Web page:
by Patrick McNerthney
Last week we discussed the benefits of one of my favorite things: Naps! What, you didn’t read last week’s post? Well, it’s right here. Go for it! We’ll wait.
Along with naps we discussed the importance of incorporating down time into our lives to take the pressure off – down time that can come in the form of asking for help.
Which brings up the slog. Well, it doesn’t really bring up the slog; I’m bringing up the slog… so let’s talk about the slog.
A slog is when you work especially hard (emotionally, physically, mentally) over a period of time, typically in response to a crisis. It could be something immediate, like an important deadline you forgot, or it could be something truly immense, like successfully enduring the pandemic. The goal here is to buckle down and stick it out under incredibly uncertain circumstances.
(Dealing with the slog often results in bad posture.)
The problem with the slog is twofold:
- First, we have to consider time. How long will this slog persist? Do I have enough grit to persevere through that amount of time? At what price? Or will I just need to sprint for a short time…what the heck?
- Second, what if this slog is the NEW normal? Even if it’s not permanent, what does it mean if this is my new environment for months on end? Maybe it just feels permanent? Or what if it really IS permanent. Wait, is anything really permanent?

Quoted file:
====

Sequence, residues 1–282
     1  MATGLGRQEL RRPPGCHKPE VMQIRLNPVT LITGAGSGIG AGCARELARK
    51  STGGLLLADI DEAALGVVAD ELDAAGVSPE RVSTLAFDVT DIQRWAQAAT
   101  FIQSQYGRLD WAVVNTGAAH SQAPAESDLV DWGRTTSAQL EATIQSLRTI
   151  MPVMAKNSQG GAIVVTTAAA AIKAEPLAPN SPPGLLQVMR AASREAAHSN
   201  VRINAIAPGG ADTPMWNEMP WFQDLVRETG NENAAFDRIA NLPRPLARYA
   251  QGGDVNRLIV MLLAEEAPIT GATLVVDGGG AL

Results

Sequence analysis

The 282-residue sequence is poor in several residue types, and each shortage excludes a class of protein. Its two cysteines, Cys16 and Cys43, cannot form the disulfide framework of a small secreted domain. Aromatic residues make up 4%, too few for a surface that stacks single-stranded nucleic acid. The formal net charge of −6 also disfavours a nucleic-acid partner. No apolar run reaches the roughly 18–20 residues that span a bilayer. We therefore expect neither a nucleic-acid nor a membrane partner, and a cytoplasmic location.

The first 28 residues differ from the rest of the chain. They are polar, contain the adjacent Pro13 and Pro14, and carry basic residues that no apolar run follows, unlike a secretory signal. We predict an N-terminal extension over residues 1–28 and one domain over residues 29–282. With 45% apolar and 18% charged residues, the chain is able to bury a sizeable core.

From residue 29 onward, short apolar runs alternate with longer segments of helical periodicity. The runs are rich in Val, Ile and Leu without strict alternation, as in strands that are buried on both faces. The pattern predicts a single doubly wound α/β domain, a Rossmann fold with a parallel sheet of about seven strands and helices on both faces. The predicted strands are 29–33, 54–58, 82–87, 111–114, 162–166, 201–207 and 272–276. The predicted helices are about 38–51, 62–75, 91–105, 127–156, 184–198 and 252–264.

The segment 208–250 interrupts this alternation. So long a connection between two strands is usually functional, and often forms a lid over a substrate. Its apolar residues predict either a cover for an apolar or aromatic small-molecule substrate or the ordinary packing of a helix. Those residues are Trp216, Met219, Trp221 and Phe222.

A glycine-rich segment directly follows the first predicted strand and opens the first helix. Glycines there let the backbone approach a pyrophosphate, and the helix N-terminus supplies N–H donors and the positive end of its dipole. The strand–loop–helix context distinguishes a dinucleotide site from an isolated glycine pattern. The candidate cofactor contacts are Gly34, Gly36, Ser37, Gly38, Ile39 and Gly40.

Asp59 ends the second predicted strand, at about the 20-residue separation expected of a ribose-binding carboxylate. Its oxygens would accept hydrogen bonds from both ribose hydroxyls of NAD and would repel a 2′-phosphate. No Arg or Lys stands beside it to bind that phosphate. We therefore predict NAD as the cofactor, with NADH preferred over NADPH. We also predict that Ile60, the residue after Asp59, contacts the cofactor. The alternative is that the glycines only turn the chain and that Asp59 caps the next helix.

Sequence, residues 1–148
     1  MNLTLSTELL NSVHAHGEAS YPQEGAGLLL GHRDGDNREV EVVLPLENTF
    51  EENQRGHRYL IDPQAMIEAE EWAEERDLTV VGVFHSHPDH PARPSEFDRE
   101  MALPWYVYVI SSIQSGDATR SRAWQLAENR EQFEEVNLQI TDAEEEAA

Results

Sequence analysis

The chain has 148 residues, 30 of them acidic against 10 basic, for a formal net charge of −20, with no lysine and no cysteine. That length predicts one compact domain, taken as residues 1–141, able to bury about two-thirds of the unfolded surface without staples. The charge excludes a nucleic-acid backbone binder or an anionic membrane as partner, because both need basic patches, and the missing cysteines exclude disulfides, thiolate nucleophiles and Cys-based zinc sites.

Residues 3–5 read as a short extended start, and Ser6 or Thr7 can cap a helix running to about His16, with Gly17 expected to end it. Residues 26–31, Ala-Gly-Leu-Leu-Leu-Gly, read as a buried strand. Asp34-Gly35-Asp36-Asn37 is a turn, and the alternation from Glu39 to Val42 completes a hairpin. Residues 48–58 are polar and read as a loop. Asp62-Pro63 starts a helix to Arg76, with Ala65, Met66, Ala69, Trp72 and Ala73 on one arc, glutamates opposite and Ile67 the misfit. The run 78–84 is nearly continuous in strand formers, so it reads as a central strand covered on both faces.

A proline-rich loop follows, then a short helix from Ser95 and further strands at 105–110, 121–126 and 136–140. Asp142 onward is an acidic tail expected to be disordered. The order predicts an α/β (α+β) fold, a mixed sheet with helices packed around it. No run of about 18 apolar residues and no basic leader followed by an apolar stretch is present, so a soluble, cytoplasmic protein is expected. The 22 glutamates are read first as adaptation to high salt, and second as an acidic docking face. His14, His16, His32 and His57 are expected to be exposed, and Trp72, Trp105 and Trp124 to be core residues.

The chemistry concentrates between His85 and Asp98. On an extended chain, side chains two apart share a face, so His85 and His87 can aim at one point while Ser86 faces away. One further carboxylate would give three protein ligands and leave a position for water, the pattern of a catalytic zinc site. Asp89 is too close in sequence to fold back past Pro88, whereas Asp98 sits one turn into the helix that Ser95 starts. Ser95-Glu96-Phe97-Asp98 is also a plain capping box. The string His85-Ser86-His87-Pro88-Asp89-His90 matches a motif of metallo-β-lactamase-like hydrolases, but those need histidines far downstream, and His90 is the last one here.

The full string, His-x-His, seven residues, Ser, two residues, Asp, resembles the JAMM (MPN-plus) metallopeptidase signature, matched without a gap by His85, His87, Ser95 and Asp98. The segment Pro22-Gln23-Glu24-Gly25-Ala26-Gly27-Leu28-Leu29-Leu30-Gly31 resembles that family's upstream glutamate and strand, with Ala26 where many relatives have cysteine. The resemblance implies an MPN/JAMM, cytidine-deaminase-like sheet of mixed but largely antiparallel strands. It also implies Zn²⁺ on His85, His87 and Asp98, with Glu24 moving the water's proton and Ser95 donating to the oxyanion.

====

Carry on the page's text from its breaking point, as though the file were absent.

The answer to these questions may very well lie within the concept that change is constant in our lives and comes in two primary forms:
- When things go well for us, change comes in a cyclical pattern we can anticipate, which results in manageable stress. A great example is the cycle of the four seasons. Or the school years. Or taxes; okay, maybe not that.
- When things go poorly, change comes rapidly, sometimes shockingly, and thus we feel the strain to adapt. A great (but unfortunate) example is my cedar tree’s roots breaking my neighbor’s sewer line, and me having to figure out how to fix that. This form of change can easily become a slog. (Trust me.)
(Admittedly it’s a big tree.)
But in either case, change is happening. And the slog arrives.
Our power lies in our ability to reframe what’s occurring around us, slog or not, into an opportunity to learn, contribute and create. We can give ourselves permission to see all change as opportunity – a chance to make a difference. And you know what? If we need to hit pause or ask for help in order to do this, to get our heads together and rejuvenate, that’s just fine too.
Fine Art Miracles is here to help you on your journey to transform the lives of the elderly, children with challenges and loved ones with developmental disabilities – especially in the face of the pandemic. Our programs lean on creative expression as a tool to make things better for those under your care. Art Therapy, Music Therapy, and Dance & Movement Therapy are just a few ways to create connection, self-confidence, and joy in under-served populations – who disproportionately struggle with the changes caused by social isolation. Please Reach out to Tess if you have any questions or if you’d like to learn more!
I’d offer to help, but I’m going to see what I can learn about cedar trees, sewer lines, and property boundaries. Although I have the sneaky suspicion I’ll be asking for help on this one, myself…